Non-invasive reading [i.e. echocardiograms]

Today’s inane image of the day:

The Heart & Vascular Services at Beaumont Royal Oak have been headquarters for my summer cardiology experience [“internship”]. I can actually find my way around at least a small part of the hospital now!

Nine of us elected to do a Cardiology “internship” [I’m hesitant to call it a true internship as most of what we’re doing is like “advanced shadowing” since it’s definitely more hands-on than shadowing prior to medical school and everything makes so much more sense, however, we still aren’t doing as much as if we were doing a clinical clerkship] [more appropriately, it is a summer Cardiology experience] – and I hope I’m speaking for my group when I say that it has been tons of fun. As with most things, there are definitely high points and mundane points, but overall I am extremely happy that I elected to spend six weeks hanging out with the Cardiologists/Cardiac Surgeons.

Our particular program is setup such that our weekly schedule mimics a Cardiology fellow’s monthly schedule – basically, each week we rotate through a different service [e.g. inpatient, SICU, Cath lab, etc]. We are expected to attend noon conferences [and there’s really no reason for us to skip this – they provide lunch everyday] and Cath conferences [early morning on Tuesdays]. Additionally, each of us spends at least one half-day in clinic following our mentor [each of us were assigned an attending]. Finally, we are also assigned a fellow to follow around each week [the only exception is the SICU/surgical week] – from my experience so far, the fellow generally dictates our schedule outside of the “required” activities.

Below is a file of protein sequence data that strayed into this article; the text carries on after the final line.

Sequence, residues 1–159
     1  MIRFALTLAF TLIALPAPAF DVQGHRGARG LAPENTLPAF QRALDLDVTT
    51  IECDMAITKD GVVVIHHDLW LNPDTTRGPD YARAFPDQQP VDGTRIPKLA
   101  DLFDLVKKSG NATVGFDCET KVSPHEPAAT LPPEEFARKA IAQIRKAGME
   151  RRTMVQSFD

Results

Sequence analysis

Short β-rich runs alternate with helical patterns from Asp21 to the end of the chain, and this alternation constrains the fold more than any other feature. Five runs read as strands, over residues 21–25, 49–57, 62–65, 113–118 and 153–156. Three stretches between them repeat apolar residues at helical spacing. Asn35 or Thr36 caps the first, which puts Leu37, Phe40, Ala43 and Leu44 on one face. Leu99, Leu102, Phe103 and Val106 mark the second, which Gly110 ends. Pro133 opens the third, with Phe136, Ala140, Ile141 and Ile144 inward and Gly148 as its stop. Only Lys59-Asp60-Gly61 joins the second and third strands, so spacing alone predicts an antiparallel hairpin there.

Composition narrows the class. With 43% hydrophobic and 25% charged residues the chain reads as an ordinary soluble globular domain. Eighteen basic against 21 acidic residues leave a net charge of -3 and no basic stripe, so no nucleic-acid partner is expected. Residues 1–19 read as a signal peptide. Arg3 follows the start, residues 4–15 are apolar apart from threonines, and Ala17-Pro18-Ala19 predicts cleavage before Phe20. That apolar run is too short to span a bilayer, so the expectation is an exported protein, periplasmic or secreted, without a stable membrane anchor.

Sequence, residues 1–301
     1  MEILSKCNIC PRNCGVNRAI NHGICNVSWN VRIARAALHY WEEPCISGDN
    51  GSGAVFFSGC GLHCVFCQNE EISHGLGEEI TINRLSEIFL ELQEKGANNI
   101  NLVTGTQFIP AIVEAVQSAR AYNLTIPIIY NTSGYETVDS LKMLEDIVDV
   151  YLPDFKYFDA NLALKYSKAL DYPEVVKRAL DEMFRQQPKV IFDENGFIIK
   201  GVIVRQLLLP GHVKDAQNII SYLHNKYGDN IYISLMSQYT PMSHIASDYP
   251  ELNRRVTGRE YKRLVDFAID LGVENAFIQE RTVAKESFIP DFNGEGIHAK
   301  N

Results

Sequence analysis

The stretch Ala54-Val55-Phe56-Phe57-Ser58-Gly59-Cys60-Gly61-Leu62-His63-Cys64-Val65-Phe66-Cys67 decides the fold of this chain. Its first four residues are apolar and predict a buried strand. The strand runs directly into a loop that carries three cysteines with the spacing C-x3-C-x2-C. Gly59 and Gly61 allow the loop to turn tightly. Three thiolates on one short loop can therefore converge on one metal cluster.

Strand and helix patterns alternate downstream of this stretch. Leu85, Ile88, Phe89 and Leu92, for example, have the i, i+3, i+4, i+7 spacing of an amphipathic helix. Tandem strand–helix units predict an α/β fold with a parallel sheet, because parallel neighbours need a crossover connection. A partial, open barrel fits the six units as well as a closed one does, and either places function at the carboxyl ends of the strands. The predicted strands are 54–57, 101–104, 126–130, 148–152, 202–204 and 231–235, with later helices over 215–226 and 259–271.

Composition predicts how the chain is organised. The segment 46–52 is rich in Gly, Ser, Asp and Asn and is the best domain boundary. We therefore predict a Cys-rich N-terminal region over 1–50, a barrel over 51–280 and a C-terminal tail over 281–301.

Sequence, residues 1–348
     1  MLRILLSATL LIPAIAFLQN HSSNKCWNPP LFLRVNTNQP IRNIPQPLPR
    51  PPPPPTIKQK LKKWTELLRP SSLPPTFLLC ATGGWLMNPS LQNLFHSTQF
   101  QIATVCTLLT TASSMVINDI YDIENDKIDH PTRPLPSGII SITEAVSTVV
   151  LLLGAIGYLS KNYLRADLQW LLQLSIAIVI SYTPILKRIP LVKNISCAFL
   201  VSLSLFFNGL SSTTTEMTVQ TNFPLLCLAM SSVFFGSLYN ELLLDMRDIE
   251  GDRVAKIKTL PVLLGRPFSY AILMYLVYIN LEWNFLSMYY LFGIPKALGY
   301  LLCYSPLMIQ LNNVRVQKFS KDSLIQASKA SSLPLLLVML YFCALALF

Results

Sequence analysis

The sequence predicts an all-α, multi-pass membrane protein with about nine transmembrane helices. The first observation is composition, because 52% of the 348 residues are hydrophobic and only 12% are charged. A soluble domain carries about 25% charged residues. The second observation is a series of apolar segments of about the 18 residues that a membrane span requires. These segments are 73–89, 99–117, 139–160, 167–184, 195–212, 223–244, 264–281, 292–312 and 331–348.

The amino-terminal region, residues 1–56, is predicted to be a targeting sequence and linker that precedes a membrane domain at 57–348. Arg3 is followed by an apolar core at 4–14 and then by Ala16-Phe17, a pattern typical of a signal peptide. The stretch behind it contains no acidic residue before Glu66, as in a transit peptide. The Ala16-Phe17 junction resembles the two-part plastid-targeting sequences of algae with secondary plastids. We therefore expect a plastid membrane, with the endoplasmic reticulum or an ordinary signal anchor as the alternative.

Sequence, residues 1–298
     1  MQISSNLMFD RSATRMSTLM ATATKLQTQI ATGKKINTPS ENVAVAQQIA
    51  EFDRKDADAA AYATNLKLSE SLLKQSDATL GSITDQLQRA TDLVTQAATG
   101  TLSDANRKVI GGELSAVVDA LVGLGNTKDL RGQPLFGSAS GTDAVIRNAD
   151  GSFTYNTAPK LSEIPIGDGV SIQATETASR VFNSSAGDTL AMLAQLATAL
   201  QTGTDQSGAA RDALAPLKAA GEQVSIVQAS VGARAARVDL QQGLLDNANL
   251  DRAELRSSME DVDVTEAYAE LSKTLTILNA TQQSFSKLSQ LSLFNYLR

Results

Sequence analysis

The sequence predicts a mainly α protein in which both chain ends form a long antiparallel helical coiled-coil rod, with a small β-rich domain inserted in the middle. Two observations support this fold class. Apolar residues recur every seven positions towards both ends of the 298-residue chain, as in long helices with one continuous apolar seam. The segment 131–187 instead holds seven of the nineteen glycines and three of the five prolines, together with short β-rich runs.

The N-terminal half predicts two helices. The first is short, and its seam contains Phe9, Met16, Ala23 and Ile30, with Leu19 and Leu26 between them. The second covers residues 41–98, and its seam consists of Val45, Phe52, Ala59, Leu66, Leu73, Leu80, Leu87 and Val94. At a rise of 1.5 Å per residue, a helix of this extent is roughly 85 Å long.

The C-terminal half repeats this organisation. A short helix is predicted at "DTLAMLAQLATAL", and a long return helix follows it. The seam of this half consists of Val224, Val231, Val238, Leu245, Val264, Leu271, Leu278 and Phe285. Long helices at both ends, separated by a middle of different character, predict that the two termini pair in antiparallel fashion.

My first week was spent in “non-invasive reading” which basically translates into performing and interpreting echocardiograms. Imaging is definitely one of my interests so I was pretty excited to start off with this service. The fellow I was assigned to had worked with our TBL group during clinical case studies so I was already somewhat acquainted with him.

The schedule for the week was pretty much performing ultrasounds in the morning [both transesophageal and transthoracic], noon conference, then reading/interpreting the images in the afternoon. Although this may seem somewhat slow-paced… I thought it was an extremely appropriate way to start off, plus I was able to get some experience doing the transthoracic ultrasounds [not that we saved any of the images I got, but hey, I could totally do a mean four-chamber apical view!]. Plus, I’m a big fan of dark rooms with images [this is, of course, assuming I have coffee] [this does not mean I’m going to become a radiologist].

I thought that the best part of my first week was probably picking the brains of the fellows – it’s great to hear their experience going through medical school, residency then finally this fellowship [two of them actually took a year to be a hospitalist prior to starting their Cardiology fellowships – I didn’t realize that this was so common]. Their advice was priceless and they were just a lot of fun to hang out with.